3.57, Materials Selection, Design and Economics

Professors Joel Clark and Lallit Anand,
Drs. Frank R. Field & Randy Kirchain

Web site: http://web.mit.edu/sma/Programs/adv_mat.html

(Note that you must be registered to access the course materials/WWW page, which is


Organization of Syllabus

The syllabus for the course consists of 4 Blocks of material. These lead the participants through the natural evolution of systems analysis and design. These are:


The instructors are:

Appointments with Instructors

The instructors will be available after class for discussions or making individual appointments.

Text Materials

The reading material consists of three parts:

Computer Environment

Web Site: http://web.mit.edu/sma/Programs/adv_mat.html
(then follow the Subjects link to 3.57)

This web site is the primary means of distributing basic information about the course:

The web site will also be the communications center for the course. It features:
Note Well: Participants will not be able to access this WWW site until they have been given a userid and password, which will be assigned once they have registered for the course. A registry of e-mail addresses will be constructed from this list, which will be the primary roster of participants used for grading, etc. Participants are expected to use email regularly to keep up with messages about the course from instructors. Messages sent by email will be considered to have been available to everyone. Email related to the course will normally proceed through the web site for the course. Participants may find the Discussion Group to be a useful way to communicate rapidly with fellow students and the instructors.

Web Site: http://msl1.mit.edu/rdn/tree_98.htm
<<may be consolidated into above site>>

The final project represents an important part of the educational experience. In order to minimize the time spent on programming, students will be able to download from this server a generic set of spreadsheets designed to accommodate most of students' projects. However, building partly on the existing piece of work, students should fell free to design their own analysis tools in order to address the specific needs of their project. They should however be aware of the extra work this possibility may represent.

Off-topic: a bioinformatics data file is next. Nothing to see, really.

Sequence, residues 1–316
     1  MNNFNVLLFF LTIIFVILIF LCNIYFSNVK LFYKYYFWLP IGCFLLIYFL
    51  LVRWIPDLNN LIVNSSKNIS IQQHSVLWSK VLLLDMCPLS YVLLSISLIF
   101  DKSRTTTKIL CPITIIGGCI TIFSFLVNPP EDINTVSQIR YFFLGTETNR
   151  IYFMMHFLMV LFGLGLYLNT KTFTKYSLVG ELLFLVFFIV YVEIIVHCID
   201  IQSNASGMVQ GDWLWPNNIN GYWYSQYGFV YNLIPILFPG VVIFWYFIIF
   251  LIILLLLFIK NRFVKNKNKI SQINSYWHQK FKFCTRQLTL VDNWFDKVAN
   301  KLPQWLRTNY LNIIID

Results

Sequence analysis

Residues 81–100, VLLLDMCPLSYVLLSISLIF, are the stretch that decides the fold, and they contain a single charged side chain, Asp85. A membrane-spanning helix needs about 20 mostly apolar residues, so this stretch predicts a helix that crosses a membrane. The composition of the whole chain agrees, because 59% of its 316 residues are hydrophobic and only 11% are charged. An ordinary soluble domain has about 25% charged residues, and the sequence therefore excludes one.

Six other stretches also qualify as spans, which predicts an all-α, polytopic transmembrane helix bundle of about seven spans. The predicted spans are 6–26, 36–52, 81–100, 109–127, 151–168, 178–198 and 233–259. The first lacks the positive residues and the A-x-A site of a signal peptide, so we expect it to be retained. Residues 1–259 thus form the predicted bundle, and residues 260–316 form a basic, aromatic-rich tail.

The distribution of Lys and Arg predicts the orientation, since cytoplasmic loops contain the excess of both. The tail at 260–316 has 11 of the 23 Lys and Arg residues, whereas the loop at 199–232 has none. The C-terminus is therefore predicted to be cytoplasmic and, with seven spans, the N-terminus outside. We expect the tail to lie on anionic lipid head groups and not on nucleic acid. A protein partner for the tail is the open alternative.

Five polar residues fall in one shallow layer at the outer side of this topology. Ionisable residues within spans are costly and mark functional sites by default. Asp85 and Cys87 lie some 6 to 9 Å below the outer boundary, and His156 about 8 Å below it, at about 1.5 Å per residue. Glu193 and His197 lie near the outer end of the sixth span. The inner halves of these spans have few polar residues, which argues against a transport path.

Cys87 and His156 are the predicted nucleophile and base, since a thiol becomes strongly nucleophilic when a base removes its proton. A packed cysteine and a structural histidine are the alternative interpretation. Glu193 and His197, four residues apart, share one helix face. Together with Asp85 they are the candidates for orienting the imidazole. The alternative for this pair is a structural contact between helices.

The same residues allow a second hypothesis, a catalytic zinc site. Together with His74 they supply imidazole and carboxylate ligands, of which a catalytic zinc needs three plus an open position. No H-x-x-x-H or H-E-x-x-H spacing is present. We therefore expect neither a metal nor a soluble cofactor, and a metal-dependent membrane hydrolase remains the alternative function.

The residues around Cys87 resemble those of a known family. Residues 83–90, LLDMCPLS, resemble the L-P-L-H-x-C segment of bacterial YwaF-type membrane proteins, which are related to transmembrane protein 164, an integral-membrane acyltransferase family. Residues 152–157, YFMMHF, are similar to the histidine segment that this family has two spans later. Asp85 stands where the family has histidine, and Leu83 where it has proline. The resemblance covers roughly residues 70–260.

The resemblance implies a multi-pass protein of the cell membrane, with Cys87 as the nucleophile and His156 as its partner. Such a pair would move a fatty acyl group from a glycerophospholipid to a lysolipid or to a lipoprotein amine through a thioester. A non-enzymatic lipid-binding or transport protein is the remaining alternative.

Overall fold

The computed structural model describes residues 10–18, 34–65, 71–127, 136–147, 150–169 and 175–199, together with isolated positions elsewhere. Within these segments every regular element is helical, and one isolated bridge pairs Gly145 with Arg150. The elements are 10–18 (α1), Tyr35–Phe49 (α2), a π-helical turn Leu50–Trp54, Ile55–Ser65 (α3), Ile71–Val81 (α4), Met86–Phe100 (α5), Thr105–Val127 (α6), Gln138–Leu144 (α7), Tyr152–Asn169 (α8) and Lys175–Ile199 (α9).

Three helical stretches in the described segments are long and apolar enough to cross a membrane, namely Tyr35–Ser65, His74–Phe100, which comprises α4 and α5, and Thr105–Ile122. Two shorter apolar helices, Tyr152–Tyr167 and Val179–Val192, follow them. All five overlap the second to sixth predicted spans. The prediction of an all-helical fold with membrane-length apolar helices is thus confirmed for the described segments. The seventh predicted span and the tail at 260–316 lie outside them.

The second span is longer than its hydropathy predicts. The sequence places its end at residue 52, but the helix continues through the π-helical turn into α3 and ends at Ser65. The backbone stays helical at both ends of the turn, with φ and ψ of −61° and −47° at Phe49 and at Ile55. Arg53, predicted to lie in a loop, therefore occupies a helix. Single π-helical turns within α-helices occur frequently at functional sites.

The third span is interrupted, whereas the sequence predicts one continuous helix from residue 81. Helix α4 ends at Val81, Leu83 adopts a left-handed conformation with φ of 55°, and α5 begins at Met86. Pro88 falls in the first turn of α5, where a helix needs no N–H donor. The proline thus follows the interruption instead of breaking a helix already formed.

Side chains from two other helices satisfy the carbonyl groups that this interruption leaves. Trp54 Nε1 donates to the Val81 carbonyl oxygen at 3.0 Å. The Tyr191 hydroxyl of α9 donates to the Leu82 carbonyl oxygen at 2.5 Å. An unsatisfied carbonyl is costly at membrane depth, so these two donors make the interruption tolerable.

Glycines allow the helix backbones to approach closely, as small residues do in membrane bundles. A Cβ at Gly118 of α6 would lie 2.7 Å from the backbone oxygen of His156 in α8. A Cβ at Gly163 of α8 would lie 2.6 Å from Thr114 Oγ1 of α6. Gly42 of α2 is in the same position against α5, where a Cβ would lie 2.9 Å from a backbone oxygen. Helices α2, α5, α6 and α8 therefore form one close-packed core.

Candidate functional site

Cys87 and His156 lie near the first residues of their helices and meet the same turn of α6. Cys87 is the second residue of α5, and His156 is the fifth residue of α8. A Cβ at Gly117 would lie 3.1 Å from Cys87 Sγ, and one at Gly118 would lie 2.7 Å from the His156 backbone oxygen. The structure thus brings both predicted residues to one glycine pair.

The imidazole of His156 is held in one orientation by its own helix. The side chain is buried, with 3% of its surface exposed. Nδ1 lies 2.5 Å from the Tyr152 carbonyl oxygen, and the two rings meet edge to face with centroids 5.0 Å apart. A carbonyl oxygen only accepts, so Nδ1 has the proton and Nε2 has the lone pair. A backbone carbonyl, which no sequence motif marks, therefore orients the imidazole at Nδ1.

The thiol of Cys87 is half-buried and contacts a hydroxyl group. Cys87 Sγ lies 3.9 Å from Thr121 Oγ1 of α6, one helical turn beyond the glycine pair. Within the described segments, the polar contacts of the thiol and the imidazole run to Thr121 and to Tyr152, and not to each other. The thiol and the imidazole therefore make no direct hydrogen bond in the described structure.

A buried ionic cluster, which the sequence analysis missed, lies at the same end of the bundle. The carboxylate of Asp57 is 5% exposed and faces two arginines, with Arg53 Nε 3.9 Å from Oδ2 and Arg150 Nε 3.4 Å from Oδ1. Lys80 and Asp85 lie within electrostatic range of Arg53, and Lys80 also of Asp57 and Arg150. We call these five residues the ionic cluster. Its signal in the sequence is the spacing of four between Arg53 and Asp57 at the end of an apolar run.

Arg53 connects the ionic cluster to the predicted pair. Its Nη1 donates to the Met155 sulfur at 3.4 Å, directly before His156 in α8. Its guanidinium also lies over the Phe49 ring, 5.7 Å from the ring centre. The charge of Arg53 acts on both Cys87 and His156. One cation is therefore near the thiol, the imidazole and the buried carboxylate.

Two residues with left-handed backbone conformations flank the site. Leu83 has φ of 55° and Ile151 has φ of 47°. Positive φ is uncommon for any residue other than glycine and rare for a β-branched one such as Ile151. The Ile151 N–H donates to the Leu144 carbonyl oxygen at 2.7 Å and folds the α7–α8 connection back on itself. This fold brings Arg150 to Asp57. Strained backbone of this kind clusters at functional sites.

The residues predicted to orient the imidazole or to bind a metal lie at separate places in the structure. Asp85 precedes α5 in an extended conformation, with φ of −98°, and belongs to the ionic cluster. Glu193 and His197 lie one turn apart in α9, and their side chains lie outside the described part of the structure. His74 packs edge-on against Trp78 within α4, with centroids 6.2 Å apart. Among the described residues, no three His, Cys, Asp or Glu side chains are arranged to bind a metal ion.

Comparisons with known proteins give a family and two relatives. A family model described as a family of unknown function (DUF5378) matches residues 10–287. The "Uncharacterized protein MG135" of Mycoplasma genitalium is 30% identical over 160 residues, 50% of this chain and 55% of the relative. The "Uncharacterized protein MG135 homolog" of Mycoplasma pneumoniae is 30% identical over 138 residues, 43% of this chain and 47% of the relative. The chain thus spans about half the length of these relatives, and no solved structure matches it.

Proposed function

Course Software: The course project and many of the homework assignments rely heavily on the use of spread-sheet tools

The instructors are most familiar with Microsoft Excel and Lotus 123, and will provide support for running exercises with this software. However, students can use any package that can run the models, with the understanding that support will be limited if the product is unfamiliar to the instructors.

Treeplan, a decision analysis macro for use with Microsoft Excel (V 4.0 or higher required) will be made available. This shareware will be useful for both the homework assignments and the final project, but its use is not required. The instructors can suggest alternative decision analysis packages that students might wish to buy. One other tool that will be undergoing evaluation for course use this year is TreeAge, which we may be providing upon our assessment of its appropriateness and utility for the course.